Captain Michael Fennelly lifts the trophy after Ballyhale Shamrocks’ victory over St Mullins in the Leinster club hurling final. Photograph: James Crombie/Inpho

When he was 27, Fennelly left his job in the bank to go and do a master’s in sports performance in UL. He still lectures and is in the middle of a PhD in leadership and coaching, as well as being a partner in a coaching business with Roscommon football manager Anthony Cunningham. His sights have been trained on managing at intercounty level from a long way out so when Offaly got in touch towards the end of last summer and put it to him, Fennelly snapped up the opportunity.

As he put together his backroom team last September, he felt he’d managed quite a coup in getting Johnny Kelly on-board as team coach. Kelly had been a big part of Portumna’s success back in the day and was over Borris-Ileigh, who at the time were perennial also-rans in the Tipperary championship. Nobody could have imagined what would transpire from that point to this.

The night Fennelly was unveiled as Offaly manager, Kelly was on the sideline in Holycross and Borris-Ileigh lost their final group game to Moycarkey-Borris. Ballyhale hadn’t even had their first game in the Kilkenny championship. Calculating the odds on neither of them losing a game across the following four months of hurling would have left anyone’s head throbbing.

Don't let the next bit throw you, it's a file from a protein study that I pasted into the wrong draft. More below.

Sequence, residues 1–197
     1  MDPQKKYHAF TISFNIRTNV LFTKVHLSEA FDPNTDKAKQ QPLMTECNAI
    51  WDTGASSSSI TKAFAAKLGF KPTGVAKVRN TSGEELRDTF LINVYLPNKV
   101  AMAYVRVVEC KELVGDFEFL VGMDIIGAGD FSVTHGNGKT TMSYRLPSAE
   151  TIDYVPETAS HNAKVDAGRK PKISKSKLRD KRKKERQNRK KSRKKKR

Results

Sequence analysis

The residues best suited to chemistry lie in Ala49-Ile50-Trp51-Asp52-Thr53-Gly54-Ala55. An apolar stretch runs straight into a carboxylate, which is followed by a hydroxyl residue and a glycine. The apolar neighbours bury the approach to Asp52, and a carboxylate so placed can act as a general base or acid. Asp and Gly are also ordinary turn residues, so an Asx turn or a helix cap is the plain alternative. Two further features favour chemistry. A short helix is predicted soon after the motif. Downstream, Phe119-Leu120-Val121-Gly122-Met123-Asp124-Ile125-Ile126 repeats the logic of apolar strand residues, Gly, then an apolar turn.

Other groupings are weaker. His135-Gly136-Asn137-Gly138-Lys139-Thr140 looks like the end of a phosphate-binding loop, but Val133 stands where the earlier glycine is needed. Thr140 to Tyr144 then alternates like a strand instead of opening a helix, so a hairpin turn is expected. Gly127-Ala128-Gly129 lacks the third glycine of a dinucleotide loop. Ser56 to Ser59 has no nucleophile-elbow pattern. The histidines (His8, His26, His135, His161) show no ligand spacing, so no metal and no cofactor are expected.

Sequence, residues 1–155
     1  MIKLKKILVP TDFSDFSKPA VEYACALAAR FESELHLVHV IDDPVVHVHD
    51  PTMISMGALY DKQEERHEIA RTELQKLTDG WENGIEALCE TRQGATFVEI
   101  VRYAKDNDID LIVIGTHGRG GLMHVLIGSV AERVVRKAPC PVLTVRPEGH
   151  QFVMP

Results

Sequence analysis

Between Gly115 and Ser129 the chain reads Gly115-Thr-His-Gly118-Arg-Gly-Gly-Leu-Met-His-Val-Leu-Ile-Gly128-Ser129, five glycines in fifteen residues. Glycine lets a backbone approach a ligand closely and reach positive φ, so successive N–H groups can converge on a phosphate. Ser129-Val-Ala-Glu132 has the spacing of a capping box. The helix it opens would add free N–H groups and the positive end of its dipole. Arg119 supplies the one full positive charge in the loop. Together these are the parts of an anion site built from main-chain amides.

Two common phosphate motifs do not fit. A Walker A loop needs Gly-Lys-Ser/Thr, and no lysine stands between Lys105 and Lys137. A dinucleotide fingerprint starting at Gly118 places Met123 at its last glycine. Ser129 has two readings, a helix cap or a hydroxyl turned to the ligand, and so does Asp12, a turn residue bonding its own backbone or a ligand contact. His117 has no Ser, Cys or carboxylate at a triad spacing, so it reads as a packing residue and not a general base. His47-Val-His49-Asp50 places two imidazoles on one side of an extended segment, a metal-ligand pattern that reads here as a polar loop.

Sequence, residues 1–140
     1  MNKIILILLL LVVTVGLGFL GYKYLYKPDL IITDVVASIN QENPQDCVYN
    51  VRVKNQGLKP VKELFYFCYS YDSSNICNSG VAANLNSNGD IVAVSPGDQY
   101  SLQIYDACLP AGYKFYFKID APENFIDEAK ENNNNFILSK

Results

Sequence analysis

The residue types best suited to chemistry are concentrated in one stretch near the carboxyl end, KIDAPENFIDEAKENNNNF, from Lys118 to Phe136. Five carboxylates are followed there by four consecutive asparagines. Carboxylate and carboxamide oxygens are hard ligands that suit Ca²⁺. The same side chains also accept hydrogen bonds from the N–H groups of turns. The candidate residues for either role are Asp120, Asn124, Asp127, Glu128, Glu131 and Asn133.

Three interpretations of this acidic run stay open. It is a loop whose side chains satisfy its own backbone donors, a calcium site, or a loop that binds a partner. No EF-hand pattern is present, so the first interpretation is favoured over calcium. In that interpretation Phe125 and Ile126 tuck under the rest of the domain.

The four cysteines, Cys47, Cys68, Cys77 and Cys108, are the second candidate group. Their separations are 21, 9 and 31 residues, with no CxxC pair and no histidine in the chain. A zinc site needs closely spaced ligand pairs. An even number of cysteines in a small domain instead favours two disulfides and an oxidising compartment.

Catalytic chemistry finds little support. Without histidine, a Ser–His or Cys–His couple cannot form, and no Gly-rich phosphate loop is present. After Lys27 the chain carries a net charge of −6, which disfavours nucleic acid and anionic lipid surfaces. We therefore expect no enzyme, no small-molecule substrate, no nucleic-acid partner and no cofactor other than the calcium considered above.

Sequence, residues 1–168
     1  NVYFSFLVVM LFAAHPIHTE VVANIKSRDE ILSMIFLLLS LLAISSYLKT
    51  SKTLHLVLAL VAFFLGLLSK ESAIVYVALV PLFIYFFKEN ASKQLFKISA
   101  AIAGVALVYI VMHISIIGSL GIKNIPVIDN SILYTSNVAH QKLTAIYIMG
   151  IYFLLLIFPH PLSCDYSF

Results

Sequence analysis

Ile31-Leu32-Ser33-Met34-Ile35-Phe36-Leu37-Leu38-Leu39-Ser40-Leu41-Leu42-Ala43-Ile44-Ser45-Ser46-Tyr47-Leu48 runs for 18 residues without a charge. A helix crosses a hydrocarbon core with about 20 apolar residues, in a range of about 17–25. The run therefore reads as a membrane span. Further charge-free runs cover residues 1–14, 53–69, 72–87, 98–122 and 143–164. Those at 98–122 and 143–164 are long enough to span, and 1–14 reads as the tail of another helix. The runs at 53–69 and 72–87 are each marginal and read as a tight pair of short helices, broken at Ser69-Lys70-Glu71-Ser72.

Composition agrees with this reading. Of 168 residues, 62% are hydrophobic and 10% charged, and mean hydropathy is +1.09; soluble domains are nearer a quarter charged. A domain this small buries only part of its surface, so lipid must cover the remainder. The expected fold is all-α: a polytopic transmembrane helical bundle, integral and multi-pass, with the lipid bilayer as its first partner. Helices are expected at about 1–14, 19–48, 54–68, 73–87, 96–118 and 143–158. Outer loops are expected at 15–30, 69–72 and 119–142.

Yet here they are. Last weekend, Fennelly and Kelly stood side-by-side in Navan as Offaly won the Kehoe Cup with a one-point win over Antrim. Tomorrow, they’ll face off in Croke Park, Fennelly holding the middle of the Ballyhale defence at centre back, Kelly on the line for Tipp champions Borris. Next Sunday, they’ll huddle up once more as Offaly play their first competitive game of the Fennelly era, a Division 2A encounter with Meath in Birr. The world spins in funny loops, all the same.

Borris-Ileigh manager Johnny Kelly is part of Michael Fennelly’s coaching team with Offaly. Photograph: James Crombie/Inpho
Borris-Ileigh manager Johnny Kelly is part of Michael Fennelly’s coaching team with Offaly. Photograph: James Crombie/Inpho

Kelly is himself a fascinating character. He’s one of those life-with-no-other-life coaches, always with a couple of teams on the go here and there. He was in the background at the start of Portumna’s glory days and at the forefront of them by the end. He won an All-Ireland intermediate title with Galway in 2015 and was involved with their under-21s around then as well. Borris is his second coaching job in Tipperary, having coached Kiladangan at the start of the 2010s. He managed Coolderry to an Offaly title along the way too.

Borris hadn’t won a Tipperary title in 33 years before this one – and even when they did, they were well down the pecking order in most people’s All-Ireland thoughts. Since then, they’ve taken out Glen Rovers, Ballygunner and St Thomas’s, all of whom would have fancied the road ahead. Kelly’s role in it all is something he likes to play down but he’s fooling nobody.

Least of all, tomorrow’s opposing captain.